A Versatile Tripod
A tripod that is reliable, stable and versatile is essential on any wildlife photography project. Trying to hand-hold a long lens for extended periods of time will inevitably result in significant shaking; evident in the final images – thankfully there is a simple solution! The tripod.
I’ve used many tripods during my career ranging from Velbon and Arena to MeFoto and Manfrotto. The latter has remained my personal favourite, and I’m now never without my Manfrotto 190 tripod – it is lightweight and offers good height, with the added advantage of a multidirectional centre column that allows for more creative shooting when needed.
There are some great travel tripod options as well which fold down as small as 30cm! Though these are tempting and a great option for travel photography; remember that these will not afford the necessary stability when working with longer lenses and photographing wildlife!
Batteries & Memory Cards
Additional Memory Cards and Batteries are essential on any shoot, not only when working with wildlife.
If you’re working in extreme conditions it is important to know that both hot and cold weather can affect battery life – so best to be prepared and carry a few extra (yes, despite the extra weight!).
Admittedly, I started by telling you that it is easy to be fooled into purchasing every new accessory that hits the market… but that’s not to say that some of them aren’t absolutely awesome!
Here are a few of the accessories I’d recommend when heading out on your next photo expedition:
- Portable Power Bank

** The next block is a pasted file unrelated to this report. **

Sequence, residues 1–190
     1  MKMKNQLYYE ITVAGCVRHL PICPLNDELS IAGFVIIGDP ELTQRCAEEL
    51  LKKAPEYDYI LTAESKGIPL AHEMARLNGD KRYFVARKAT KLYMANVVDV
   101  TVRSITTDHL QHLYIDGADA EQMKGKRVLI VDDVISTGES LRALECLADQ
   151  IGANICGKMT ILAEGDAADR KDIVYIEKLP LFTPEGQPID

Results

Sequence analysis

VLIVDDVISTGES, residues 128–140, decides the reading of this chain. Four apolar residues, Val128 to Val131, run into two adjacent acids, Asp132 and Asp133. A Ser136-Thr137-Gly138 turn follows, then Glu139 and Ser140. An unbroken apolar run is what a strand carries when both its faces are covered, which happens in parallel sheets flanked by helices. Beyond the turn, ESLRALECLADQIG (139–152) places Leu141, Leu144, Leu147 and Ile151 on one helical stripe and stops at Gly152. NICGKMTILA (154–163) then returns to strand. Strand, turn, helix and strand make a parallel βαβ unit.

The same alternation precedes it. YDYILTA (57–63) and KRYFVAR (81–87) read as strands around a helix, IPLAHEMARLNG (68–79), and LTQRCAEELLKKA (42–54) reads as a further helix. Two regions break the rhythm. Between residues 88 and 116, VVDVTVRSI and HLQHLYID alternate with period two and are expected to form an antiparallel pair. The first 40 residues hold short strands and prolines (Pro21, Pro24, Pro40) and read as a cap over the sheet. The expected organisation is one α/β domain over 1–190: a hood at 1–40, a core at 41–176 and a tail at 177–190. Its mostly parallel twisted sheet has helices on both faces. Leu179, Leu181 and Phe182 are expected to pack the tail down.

These have saved a shoot on several occasions and with adapters that can now charge camera batteries as well as phones and other mobile devices, I always have one fully charged and ready to go.
- Remote Trigger
There are many remote triggers to choose from, but I’d really recommend checking out the Pluto Trigger. It is capable of so many cool actions; triggered by everything from light and infrared, to lasers and sound – plus it links with your phone or tablet
- Lens Cloth
This should be standard for every photographer, not only those shooting wildlife. It is easily missed though, and a clean lens can make post-processing a lot faster!
These are the basics on my kit list for every shoot – the essentials for wildlife photography. You’ll find that as you build your own portfolio and experience different scenarios in the wild, you’ll begin to understand the equipment that works best for you.
It is important to work with the kit that you feel most comfortable using; every photographer is different and that’s what makes photography such a diverse and exciting field. Experiment with different equipment and as I suggested, maybe hire-and-try before you buy!
You’ll find that there are items that are essential for different shoots that haven’t been mentioned above; waterproof casing for extreme weather or underwater, mobile gimble frames for shooting on the move or even mobile hides…
My essential kit list should just be your starting point to discovering the equipment that works best for you when photographing wildlife.